All this must be done without ever releasing the essential velaric (k-type) initiatory closure. We will now demonstrate that velaric initiation, whether of suction or pressure type, utilizes only the small amount of air trapped between the tongue-centre and an articulatory closure further forward in the mouth. To carry out this demonstration make a prolonged series of velaric sounds, for example [|\], [|\], [|\], and while continuing to do this, breathe in and out rather noisily through your nose. The experiment should be repeated with hum substituted for breath. Make a series of [|\] sounds while uninterruptedly humming through the nose. This proves that the velaric initiatory mechanism is completely independent of the pulmonic air-stream — it uses only the air trapped in the mouth in front of the velaric closure.
And this is just one of the exercises. I’m considering a voiced bilabial trill for one of my other languages and had never even considered a bidental fricative before now. Granted, one has to be careful to not make a kitchen-sink phonology, but a careful choice among the myriad sounds offered by Catford’s book can go a long way to giving one’s conlang any Sprachgefühl one wishes.
I finally got around to posting the three (fairly) recent articles that were tweeted (@FiatLingua) in the Magazine section of the Library. Namely, the one on ROILA (the spoken robot language), the one on “how to write the next great alien language” from io9, and one from Crossed Genres. Á harya alassë!
It’s been awhile since anything new has been posted to the blog (or the library). Mea culpa. I’ve had some enhancements and improvements planned for The Conlanger’s Library and have slowly been working on them, but they’re still not ready for prime-time. Stay tuned. Some of the proposed additions include new navigation, some back-end coding, and a Contact page. As anyone can see, these have not been implemented…yet. I had intended on doing those and making announcements here on the blog, but “The best laid schemes o’ mice an’ men gang aft agley”. Those things are still in-the-works, but I wanted to post something to keep the blog and the Library at least marginally up-to-date.
First, several new postings have been made to the Library. Check out the “Most Recent Updates” box at the home page of the Library. These include a new paperback edition of Arika Okrent’s book and two Dothraki postings to the Scientific American online Guest Blog (one by Sai Emrys and David J. Peterson (Mr. Dothraki himself!)).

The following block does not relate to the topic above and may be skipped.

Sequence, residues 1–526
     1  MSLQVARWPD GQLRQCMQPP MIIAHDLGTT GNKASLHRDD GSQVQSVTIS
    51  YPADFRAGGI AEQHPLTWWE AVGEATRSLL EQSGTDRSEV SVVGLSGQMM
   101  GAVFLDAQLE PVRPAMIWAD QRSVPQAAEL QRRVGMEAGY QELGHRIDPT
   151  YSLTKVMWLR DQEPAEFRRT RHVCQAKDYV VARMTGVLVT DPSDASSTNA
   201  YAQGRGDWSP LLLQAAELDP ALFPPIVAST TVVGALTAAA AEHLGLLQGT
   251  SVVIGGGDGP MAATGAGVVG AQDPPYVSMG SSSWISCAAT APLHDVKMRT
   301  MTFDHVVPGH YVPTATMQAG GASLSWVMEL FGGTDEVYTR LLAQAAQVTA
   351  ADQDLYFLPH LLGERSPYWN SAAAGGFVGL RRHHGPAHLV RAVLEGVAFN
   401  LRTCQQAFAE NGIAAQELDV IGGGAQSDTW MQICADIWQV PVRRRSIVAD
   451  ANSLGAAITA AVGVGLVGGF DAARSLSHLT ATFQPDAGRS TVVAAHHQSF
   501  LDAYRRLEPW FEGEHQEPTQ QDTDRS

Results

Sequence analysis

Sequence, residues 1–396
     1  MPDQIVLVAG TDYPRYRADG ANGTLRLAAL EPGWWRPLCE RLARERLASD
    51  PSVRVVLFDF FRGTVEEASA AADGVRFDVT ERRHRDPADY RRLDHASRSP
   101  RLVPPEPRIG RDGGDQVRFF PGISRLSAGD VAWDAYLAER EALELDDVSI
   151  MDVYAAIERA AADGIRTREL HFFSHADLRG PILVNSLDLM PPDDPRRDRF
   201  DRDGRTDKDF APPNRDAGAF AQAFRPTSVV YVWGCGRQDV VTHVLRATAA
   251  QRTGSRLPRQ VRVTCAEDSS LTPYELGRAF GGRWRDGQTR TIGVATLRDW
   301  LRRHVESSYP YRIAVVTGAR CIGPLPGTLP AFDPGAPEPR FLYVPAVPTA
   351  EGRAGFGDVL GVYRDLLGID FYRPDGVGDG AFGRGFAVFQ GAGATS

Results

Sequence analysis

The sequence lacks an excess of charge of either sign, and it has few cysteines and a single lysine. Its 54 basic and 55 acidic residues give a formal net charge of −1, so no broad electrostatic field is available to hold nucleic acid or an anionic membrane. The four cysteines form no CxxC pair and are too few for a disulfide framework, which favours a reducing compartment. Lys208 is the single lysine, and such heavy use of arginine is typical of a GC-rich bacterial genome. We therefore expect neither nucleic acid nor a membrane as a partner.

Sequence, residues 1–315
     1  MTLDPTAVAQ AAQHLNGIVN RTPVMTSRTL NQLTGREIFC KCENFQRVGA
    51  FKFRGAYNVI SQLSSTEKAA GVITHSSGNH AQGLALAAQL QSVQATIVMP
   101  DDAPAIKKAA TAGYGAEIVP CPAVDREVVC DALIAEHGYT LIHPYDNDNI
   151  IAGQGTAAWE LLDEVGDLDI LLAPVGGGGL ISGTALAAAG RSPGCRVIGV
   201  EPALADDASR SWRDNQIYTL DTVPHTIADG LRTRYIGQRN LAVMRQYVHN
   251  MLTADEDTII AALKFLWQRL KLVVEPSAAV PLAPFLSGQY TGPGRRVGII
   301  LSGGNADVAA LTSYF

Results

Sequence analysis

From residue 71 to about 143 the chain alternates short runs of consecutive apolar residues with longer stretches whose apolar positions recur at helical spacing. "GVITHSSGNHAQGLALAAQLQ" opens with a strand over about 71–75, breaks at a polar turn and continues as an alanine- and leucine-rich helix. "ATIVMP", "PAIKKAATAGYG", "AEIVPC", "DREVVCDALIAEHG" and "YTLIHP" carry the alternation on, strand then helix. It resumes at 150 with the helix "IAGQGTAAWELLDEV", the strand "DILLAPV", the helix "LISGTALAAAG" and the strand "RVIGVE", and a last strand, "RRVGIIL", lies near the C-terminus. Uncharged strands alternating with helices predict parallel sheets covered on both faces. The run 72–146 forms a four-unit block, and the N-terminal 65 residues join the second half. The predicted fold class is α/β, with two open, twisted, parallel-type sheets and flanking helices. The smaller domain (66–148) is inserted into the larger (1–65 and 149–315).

For those who haven’t followed the blog closely, we’ve had a very interesting conversation between David J. Peterson, myself, and several other posters on the topic of “Fantasy” literature, its past and present.
So, enjoy the Library, and look forward to a few enhancements in the (hopefully) not-too-distant future.
A new email address has finally been implemented for The Conlanger’s Library: library – at – conlang – dot – org. Readers can use this email address to contact the Conlanging Librarian to suggest new materials for inclusion in the library or to ask questions about existing materials.
A box for Most Recent Updates has been made to the homepage of The Library. The idea is to provide a quick and easy way of looking at “new stuff” on the homepage, while at the same time providing some context within this blog for those items. The current “Updates” include:
- New quotation from L. Sprague de Camp
- New page dedicated to David J. Peterson’s Dothraki for HBO
- New educational materials page
- Parkvall’s Limits of Language added to Books
…plus, we’re coming up on the one year anniversary of this blog. Hmmm…we’ll have to think of some way to celebrate.
A new Book has been added to The Library:
Limits of Language by Mikael Parkvall of Stockholm University. The book is an entertaining collection of trivia, facts, and information on language, linguistics, and languages. The calendar is also an interesting collection of important dates for the field. Enjoy!
Have you ever wanted to share your love of conlanging with a group in a more-or-less formal classroom setting? Have you ever wanted to give a presentation on the art and science of conlanging? The Conlanger’s Library can now help! The Education page at the Library contains materials you can use to create a PowerPoint presentation, handouts, and also includes inspirational videos. Materials there have been created by Nathan Richardson, Sai Emrys, Sheri Beth Wells-Jensen, and yours truly. If you have any items from formal classes which you have taught or presentations which you have given and you’d like to share them with the community, email lcs (at) conlang (dot) org.
The Conlanging Librarian has been busy adding new items to the Library:
- A new book has been added to Books (Science Fiction): Years in the Making: The Time-Travel Stories of L. Sprague de Camp.
- Several new articles and a video (from Arika’s appearance at Geeking Out) have been added to the Press Coverage of Arika Okrent and her popular book.
- And, finally, a new article by Arika Okrent herself that appeared at Slate.com about Paul Frommer’s Na’vi. Find this one in the Press Coverage of Dr. Frommer and his language of Pandora.